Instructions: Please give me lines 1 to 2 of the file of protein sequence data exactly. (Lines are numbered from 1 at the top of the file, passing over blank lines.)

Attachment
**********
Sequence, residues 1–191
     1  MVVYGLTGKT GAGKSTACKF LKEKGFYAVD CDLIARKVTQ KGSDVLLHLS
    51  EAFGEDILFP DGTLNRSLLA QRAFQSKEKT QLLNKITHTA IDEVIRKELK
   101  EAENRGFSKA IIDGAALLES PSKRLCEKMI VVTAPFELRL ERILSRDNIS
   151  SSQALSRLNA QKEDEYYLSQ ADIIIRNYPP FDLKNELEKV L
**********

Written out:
Sequence, residues 1–191
     1  MVVYGLTGKT GAGKSTACKF LKEKGFYAVD CDLIARKVTQ KGSDVLLHLS